A Review of Karl Geary’s Juno Loves Legs

When family lies at the root of misfortune, resilience can be awfully hard to come by. This holds doubly true for teenagers on the depressed outskirts of 1980s Dublin. And it is triply true when laced with plain old bad luck. In Karl Geary’s Juno Loves Legs, a newly released novel from Catapult Books, the nuclear household is a cruel beast.

Geary is a Dublin-born actor-turned-novelist who already accomplished a “pitch-perfect” (The Guardian) hometown depiction in his 2017 debut Montpelier Parade. In Juno Loves Legs, he’s back for more, painting Ireland in searing colors despite having spent much of his adulthood in New York and Scotland. The vehicle for Geary’s return is Juno, a strong-willed survivalist with violent tendencies and a writer’s eye for detail. Floundering beneath her stern Mam and alcoholic Da — not to mention the far more injurious “Father” at her Catholic school — Juno spends much of this novel bouncing between a rock and a hard place:

“Father hit me,” she tells her mother.

“What did he hit you for?”

“Nothing,” explains Juno, “he just did.”

“Not Father,” says Mam, “not without good reason, that poor man, a man of the cloth.”

“No. Not poor Father!” screams Juno. “Not poor bastarding Father! Poor me, Mam, poor me!”

Poor Juno, indeed. This “school” (given what we know of the institution, quotes feel appropriate) lies somewhere on the spectrum of Colson Whitehead’s The Nickel Boys and James Joyce’s A Portrait of the Artist as a Young Man, dispensing brutality and fear in place of education. It’s here that Juno meets fellow miscreant Seán, aka Legs, a lanky creative who latches onto Juno for as long as their impoverished upbringings will allow.

“That what you sleep on?” Juno asks upon visiting Legs’s home and seeing that he doesn’t own a mattress. “Bit hard,” she says, “that bed, no?”

“Get used to it,” he replies matter-of-factly.

Victimized by family, fortune, and especially Father, these two characters have erected understandable barriers to emotional dependence. Geary does an excellent job establishing Dublin as a sprawling, erratically industrialized empathy drain, a place where even the dimmest spark deserves celebration. Thanks to these bleak environs, and also the age range of the protagonists, Geary’s second novel will no doubt draw comparisons to Douglas Stuart’s masterful Shuggie Bain; Stuart’s words even appear in a blurb on the American edition.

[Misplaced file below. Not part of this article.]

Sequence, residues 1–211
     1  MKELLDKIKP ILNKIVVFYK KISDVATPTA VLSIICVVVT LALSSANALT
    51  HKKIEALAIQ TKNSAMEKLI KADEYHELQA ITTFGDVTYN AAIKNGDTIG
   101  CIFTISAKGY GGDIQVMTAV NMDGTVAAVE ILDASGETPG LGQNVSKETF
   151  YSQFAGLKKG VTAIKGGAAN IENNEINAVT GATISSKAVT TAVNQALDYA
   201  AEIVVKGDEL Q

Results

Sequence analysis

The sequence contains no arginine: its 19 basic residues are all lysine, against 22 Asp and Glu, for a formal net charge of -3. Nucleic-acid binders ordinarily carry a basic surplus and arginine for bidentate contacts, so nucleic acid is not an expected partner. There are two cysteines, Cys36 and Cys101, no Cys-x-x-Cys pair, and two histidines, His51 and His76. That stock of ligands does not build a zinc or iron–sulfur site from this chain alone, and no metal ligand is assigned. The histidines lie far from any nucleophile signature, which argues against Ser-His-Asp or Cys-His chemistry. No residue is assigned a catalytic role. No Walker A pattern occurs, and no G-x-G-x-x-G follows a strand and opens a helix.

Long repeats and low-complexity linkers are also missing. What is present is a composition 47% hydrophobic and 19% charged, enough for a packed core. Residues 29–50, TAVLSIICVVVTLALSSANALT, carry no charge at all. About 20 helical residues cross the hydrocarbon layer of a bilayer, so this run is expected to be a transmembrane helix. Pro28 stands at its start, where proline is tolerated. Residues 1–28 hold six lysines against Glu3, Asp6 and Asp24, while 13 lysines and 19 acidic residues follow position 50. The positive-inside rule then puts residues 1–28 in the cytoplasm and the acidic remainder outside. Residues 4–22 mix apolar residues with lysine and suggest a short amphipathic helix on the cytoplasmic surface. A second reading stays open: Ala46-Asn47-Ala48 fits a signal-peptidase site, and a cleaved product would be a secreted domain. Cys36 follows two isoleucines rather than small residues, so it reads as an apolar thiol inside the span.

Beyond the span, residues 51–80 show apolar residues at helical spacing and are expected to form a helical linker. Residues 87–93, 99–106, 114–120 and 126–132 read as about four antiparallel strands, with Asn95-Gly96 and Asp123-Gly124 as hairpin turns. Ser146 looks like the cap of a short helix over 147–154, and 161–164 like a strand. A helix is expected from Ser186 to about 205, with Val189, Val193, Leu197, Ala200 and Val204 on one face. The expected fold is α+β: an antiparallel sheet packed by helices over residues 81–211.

However, digging beneath the destitute scenery and monochrome cover photographs, it’s evident that these are in fact quite different books. While Stuart’s omniscient third-person takes on Scotland at large, Geary’s minimalist, colloquial first-person aims directly at the heart of Juno: her hopes, her fears, her immense alienation.

Showing up for a job interview wearing a thrifted outfit, she notes, “I lit a smoke and pulled at the hem of my skirt but it was no use and I wondered if I’d ever wear a dress that a single generation had not perished in.” This sense of inferiority persists throughout the interview. “And here was proof then of what I think I’d always suspected,” she muses, “the world was another, a vast other, in which I’d occupied a narrow and separate part. Agnes was the first person I’d ever met who had been to college.”

If Stuart’s success lies in scope, Geary’s crowning achievement is his protagonist’s journey. Juno’s path forward lies in self-certainty and trust. In spite of all the hate and all the hurt, she grows by opening herself to love. And what she loves, obviously, is Legs, romantically at first and then platonically after she discovers his affection for men. (“Does anyone else know?” “Everyone, but everyone knows.” “Well, I fucking didn’t…”)

The two of them spend the book’s nadir in respective freefall, separated from each other and therefore the lifeline of friendship. Perhaps I’m drawn to hardship (“For fans of A Little Life,” chirps the Catapult marketing team), but I found these low points the most mesmerizing bit of Geary’s work.

“There’s nothing about us that’s good,” a drunken Juno says to her drunken father. “We’re just nothing.” It’s the kind of statement a better parent—in fact, almost any parent—would disavow. But Juno’s support network isn’t her parents. It’s Legs.

I walked this morning and walked and walked. And stamped and stamped and still I could hardly feel my feet on the path. I’m neither here nor there,” Juno confesses to her pal in a miserable letter. “Isn’t that a terrible thought? When some are pretending to care and don’t, and others pretending not to care and do. Caring is the worst, Legs, I hate you for that.”

In Geary’s defiant second novel, these small victories are victories nonetheless.


Eric Olson

Eric Olson is a novelist, essayist, and journalist based in Seattle, Washington. You can learn more about his work at ericolsonwriting.com.

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